Michael Harriot: [00:13:55] And the last thing I want to tell you about. Is the idea of intelligence. Right. So think about this. Right. Let’s go back to sports. Right. Because I like sports. Think about Steph Curry. Right. We say Steph Curry is athletically gifted because, you know, he can throw a ball into a hoop from a long way away. But what is hand-eye coordination? Right. He’s not bigger. She’s not stronger. What he’s doing when he’s throwing in a three pointer from half court while he’s fading away is really his mind has the ability to calculate a parabola faster than yours or mine in almost any white persons. And, to send that signal to his muscles faster. Right. That’s essentially what hand-eye coordination is. It is a form of intelligence. But that aint on no S.A.T. score. How about that little dude I was talking about who figured out himself without a textbook, without a manual, how to string those bicycle chains together to produce less resistance by what is essentially a series of pulleys and levers. That’s a form of intelligence.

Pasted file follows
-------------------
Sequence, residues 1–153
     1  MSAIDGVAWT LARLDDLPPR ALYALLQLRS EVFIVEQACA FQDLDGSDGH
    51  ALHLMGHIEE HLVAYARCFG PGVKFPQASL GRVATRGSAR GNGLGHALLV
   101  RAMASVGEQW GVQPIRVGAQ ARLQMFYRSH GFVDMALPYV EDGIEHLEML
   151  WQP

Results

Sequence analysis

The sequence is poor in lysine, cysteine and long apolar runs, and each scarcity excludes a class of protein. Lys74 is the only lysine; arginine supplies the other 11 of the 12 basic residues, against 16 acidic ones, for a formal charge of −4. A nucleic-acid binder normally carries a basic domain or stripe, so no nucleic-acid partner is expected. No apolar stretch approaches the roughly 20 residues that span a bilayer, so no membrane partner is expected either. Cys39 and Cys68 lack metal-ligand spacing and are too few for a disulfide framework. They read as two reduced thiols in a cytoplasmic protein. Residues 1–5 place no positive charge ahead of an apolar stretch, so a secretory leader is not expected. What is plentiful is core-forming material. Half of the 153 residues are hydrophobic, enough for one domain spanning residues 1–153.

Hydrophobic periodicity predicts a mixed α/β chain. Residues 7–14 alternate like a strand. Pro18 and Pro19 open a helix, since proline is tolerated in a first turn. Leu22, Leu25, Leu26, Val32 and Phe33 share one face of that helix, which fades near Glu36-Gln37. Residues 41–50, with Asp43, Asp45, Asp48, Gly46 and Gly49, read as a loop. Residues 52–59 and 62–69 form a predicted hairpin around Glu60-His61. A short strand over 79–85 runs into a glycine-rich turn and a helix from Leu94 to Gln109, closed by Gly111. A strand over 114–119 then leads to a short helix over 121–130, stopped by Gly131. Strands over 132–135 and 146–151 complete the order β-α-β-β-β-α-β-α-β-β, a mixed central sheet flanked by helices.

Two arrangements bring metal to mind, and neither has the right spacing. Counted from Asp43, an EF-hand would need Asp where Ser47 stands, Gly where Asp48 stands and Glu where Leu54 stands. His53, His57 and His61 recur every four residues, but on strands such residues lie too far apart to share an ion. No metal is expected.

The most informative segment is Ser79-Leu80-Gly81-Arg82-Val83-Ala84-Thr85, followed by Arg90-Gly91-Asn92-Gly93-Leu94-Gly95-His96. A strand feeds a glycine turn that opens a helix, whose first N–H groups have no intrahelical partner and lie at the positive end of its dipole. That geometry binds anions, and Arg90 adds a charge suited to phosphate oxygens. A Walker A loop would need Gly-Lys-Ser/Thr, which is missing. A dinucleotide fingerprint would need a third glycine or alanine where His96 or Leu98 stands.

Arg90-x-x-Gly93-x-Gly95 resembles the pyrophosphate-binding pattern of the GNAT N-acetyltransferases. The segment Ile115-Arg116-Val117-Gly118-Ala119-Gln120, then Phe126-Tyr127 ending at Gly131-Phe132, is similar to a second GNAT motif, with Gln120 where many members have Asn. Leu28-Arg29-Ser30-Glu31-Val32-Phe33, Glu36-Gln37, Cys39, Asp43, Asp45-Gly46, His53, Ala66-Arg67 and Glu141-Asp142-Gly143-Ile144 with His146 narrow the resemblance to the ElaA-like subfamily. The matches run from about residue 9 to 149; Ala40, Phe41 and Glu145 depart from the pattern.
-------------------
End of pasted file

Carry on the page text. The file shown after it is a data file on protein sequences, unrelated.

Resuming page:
[00:15:21] How about people who can hear a note and automatically mimic it with their voice? Now we call that talent. We call that an ability to sing. But that is essentially a form of intelligence because it is their brain telling their bodies how to reproduce a audio vibration. But that ain’t on a S.A.T Tests. And it’s curious that the only things that are on the S.A.T. is the things that white people do well, the things that they already have an advantage in because not because they’re smarter or better at math or better at English. But because they got more funds in this school, the libraries literally have more information for the students at those schools. And they think they have merit when all they have is whiteness.

Michael Harriot: [00:16:24] And as always, will leave you with another Black saying, remember, everything ain’t for everybody and whiteness just ain’t for me. Thank you for listening to theGrio Daily. If you like what you heard, please give us a five star review. Download the Grio app, subscribe to the show and share it with everyone you know. Please email all questions, suggestions and compliments to podcasts at thegrio dot com. [00:16:49][25.6]